What is bandwidth?
Bandwidth is a technical term for network capacity. Every network has limits on its capacity, especially where the local network connects to the Internet. Even though Denison has a very fast internet connection, that connection and its bandwidth are a limited resource that everyone on campus must share. Think of our Internet connection as the main drag at the front of campus; as long as everyone doesn't try to come into campus at once, things work just fine. If someone decides to drive a semi truck slowly up the middle of the road, there's a problem.
What is a bandwidth hog?
A person who consumes a disproportionate amount of bandwidth and prevents other people from using the internet is a bandwidth hog. The easiest way to become a bandwidth hog is to set up a server or use a program which makes multimedia files available to other users. These programs can very easily consume all of the bandwidth on Denison's connection to the Internet. Before Denison implemented the Traffic Shaping Policy now in place, just a few users could visibly impact network performance. These bandwidth hogs were, in effect, driving slowly up the middle of the main drag.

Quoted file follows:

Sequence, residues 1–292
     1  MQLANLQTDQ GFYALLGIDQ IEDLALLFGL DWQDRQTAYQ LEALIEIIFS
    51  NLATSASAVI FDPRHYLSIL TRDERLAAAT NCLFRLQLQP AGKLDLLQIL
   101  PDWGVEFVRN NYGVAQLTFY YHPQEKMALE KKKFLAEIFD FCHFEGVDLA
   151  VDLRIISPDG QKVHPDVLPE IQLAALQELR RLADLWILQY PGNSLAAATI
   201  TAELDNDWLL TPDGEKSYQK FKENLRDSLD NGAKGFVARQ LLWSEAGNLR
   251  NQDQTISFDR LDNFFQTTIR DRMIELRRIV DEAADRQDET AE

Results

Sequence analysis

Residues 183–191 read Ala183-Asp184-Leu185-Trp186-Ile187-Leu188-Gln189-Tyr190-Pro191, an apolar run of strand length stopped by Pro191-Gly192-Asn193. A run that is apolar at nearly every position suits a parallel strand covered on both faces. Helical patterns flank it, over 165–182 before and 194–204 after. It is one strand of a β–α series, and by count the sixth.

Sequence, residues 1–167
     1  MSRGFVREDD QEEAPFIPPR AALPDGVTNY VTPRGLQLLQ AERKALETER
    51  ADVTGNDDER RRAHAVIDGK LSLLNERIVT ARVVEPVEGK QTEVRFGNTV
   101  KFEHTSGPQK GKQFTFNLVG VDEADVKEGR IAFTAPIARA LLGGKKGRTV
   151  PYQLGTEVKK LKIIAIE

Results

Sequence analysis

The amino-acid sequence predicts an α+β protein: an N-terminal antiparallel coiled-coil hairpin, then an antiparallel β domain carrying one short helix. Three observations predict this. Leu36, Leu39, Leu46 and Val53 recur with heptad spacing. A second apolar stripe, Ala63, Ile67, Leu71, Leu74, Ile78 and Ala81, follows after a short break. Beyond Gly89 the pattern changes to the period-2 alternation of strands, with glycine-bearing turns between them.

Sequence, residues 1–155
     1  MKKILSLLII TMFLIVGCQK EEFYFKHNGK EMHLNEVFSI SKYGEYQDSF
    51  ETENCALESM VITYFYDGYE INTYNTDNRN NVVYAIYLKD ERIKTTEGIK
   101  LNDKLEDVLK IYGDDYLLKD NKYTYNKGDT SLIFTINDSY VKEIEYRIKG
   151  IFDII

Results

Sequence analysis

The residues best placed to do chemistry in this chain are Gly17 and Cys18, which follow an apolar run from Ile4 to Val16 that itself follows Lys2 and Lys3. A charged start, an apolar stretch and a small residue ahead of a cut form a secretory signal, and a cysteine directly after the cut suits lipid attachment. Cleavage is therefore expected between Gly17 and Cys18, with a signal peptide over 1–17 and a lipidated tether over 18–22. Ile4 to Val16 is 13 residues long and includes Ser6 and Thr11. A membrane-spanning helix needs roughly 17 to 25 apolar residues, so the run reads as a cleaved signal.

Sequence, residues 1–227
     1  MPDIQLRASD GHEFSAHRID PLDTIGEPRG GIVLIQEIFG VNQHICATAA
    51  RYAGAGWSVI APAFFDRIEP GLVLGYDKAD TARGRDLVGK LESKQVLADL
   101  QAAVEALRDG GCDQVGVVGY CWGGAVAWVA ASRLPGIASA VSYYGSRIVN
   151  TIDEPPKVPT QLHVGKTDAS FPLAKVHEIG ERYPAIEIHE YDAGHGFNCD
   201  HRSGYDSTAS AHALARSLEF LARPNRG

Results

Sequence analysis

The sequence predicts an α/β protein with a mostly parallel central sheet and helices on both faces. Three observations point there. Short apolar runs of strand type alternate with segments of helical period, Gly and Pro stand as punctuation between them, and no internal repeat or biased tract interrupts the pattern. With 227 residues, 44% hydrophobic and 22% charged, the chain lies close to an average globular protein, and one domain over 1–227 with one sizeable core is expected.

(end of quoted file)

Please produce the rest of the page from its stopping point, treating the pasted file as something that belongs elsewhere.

What is the effect of a bandwidth hog on others?
When a semi is coming up the middle of the main drag, no one can get into or out of campus. The effect is the same when a bandwidth hog is flooding the lines to the Internet. Messages (requests for web pages, file transfers, etc.) can't get into Denison. Everyone suffers as the Internet link slows to a crawl. Because of the way the new file sharing programs work, it is possible for even fewer users to completely saturate our internet links. Our current traffic shaping policies prevent the saturation of our entire internet connection and enable us to more equitably share internet Bandwidth.